- plant 26,000 jatropha trees
- encourage use of alternative fuels
- provide income for 31 hilltribefamilies
PATT Foundation is funding part of the following project undertaken by the Khom Loy Development Foundation in Chiang Rai, Thailand. The total project area will cover 80 rai (about 32,000 jatropha trees), however, the portion PATT will fund is 65 rai, about 26,000 trees – which through this sustainable biodiesel project, will contribute towards building the capacity of local hill tribe communities to direct their own future. The long term development goal of this project is to provide sufficient local income and job opportunities for the hilltribe people of Mae Yao sub-district and at the same time, serve Thailand’s initiative to provide 2M litres/day of biodiesel fuel by 2012, reforest depleted sections of jungle and cut atmospheric CO2 levels.
Primary objectives are to:
- Provide a sustainable cash income for 31 families
- Assist in providing an alternate, more environmentally friendly source of diesel
- Reduce atmospheric CO2 through planting trees
- Stimulate interest in growing Jatropha as both a source of income and as an alternative to traditional diesel.
Other than the general environmental benefits to be gained by planting trees and sequestering carbon, the main reason for this project was the provision of a source of income for the hilltribes of Northern Thailand. An estimated 500,000 people of tribal minority live on the Burmese-Thai borders. Less than 50% have Thai ID, which restricts their travel and work rights, and denies them access to Thai education and health services. Their previously limited land rights are now being terminated as well, while the Government seeks to create a national forest.
The tribes have negotiated a guaranteed purchase of the fruit produced by the jatropha tree for conversion into biodiesel and fertilizer. The income from these trees shall help enable members of the tribes to provide food, shelter, education and healthcare for them and their families. The project will lead to two types of change: environmental and economic. Environmental change will come about because the planting site is formerly forest, which has previously been cleared for crop growing. By replanting the forest, soil erosion will be lowered, and water will be released into the river system more slowly, reducing the risk of floods. Increased ground cover will also encourage flora and fauna to flourish. Economic change will be made, as described above, by the additional income generated by harvesting and selling the crop from the trees, and using the money to supplement income from casual labouring.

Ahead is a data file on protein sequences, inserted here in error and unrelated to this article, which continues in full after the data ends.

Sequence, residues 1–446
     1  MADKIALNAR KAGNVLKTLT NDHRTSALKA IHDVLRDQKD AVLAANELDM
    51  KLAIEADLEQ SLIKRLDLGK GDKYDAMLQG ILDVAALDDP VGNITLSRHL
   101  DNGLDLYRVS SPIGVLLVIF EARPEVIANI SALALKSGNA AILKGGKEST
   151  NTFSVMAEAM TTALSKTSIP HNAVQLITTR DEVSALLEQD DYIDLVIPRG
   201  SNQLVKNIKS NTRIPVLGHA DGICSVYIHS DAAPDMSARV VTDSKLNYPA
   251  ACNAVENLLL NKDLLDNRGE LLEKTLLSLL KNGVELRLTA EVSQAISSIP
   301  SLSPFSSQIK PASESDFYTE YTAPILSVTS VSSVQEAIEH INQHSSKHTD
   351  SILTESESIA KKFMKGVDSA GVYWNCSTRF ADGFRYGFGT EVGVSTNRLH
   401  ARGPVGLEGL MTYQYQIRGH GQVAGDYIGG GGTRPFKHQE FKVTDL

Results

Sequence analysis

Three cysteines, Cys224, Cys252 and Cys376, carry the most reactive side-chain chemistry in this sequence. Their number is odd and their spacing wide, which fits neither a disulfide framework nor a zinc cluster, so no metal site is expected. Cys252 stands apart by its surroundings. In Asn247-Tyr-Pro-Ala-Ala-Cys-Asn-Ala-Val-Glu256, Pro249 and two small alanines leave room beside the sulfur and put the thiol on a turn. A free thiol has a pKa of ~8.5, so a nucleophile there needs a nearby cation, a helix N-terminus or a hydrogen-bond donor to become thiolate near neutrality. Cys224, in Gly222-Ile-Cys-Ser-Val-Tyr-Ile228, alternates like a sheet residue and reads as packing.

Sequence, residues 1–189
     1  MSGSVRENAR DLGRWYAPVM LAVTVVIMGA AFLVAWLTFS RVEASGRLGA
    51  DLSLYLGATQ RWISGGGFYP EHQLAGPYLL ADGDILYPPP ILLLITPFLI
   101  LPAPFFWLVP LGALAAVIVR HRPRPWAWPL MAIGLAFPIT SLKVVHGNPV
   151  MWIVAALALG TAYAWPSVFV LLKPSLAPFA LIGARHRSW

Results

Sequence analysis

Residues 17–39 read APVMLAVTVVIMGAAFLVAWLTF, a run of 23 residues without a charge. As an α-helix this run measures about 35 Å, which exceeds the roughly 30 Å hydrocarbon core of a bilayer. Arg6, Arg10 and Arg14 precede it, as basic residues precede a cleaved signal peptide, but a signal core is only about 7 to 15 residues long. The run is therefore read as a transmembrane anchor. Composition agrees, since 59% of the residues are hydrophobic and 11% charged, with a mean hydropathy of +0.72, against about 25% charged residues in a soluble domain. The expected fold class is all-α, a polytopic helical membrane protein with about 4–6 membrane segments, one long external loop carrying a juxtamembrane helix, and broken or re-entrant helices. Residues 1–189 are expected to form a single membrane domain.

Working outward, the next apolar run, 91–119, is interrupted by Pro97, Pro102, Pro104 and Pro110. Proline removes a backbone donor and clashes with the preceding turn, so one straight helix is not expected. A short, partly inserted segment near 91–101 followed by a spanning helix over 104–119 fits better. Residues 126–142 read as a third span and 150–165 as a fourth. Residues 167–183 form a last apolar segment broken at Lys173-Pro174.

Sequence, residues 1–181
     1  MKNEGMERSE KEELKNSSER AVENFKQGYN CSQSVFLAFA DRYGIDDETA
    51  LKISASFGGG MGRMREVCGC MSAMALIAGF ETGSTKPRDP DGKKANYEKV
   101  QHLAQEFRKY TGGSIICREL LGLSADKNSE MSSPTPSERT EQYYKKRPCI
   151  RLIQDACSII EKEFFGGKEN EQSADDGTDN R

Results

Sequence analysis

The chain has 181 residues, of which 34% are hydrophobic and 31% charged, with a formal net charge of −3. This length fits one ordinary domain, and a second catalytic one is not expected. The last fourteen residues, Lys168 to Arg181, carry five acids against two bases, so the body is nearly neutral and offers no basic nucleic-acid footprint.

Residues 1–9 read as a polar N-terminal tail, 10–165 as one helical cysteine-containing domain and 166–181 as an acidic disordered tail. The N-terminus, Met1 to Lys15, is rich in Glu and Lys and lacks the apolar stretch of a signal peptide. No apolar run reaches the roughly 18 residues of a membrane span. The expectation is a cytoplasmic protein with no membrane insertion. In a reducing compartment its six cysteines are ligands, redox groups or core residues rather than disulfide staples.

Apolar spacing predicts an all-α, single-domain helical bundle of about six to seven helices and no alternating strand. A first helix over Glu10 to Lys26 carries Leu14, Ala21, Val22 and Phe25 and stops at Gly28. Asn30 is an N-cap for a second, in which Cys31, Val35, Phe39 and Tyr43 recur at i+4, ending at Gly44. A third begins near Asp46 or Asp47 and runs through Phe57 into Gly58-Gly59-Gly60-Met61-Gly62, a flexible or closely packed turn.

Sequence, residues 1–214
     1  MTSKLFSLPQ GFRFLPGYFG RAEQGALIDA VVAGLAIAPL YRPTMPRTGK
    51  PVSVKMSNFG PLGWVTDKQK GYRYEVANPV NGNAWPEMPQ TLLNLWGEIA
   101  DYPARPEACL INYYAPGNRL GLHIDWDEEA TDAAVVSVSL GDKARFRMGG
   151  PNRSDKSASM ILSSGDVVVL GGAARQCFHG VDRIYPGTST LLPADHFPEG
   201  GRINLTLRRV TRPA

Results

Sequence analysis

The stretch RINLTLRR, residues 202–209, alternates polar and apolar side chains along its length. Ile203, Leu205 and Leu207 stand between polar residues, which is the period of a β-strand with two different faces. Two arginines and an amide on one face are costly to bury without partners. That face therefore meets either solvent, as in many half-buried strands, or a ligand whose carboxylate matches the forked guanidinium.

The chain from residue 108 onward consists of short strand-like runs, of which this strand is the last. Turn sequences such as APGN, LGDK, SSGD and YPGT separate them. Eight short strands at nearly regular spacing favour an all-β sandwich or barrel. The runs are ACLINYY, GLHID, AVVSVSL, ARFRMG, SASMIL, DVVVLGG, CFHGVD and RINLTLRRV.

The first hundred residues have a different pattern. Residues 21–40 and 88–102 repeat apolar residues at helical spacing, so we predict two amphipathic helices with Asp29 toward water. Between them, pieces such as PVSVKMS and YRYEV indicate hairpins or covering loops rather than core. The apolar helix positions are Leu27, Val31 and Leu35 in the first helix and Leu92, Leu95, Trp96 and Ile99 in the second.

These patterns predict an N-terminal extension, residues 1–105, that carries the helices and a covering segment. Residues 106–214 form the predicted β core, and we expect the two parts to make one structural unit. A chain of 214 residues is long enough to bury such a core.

This project encompasses seven villages in the Mae Yao sub-district: Kwae Wua Dam Village, Gang Luang Nawk Village, Ruammit Village, Apa Pattana Village, Adu Mai Village, Huay Mae Sai Village, and Bukah Village.
From Caleb Stewart, Managing Director, Khom Loy Development Foundation
“PATT’s gracious grant has allowed the Khom Loy Development Foundation to provide disadvantaged Akha, Lahu and Karen hilltribe villagers with the opportunity to plant and care for over 26,000 bio-diesel producing Jatropha trees in deforested segments of the highlands in Chiangrai. In addition to the inherent environmental benefits of reforestation these trees will also provide a much needed consistent cash income to the hilltribe villagers who planted them.”
This project is supported by:
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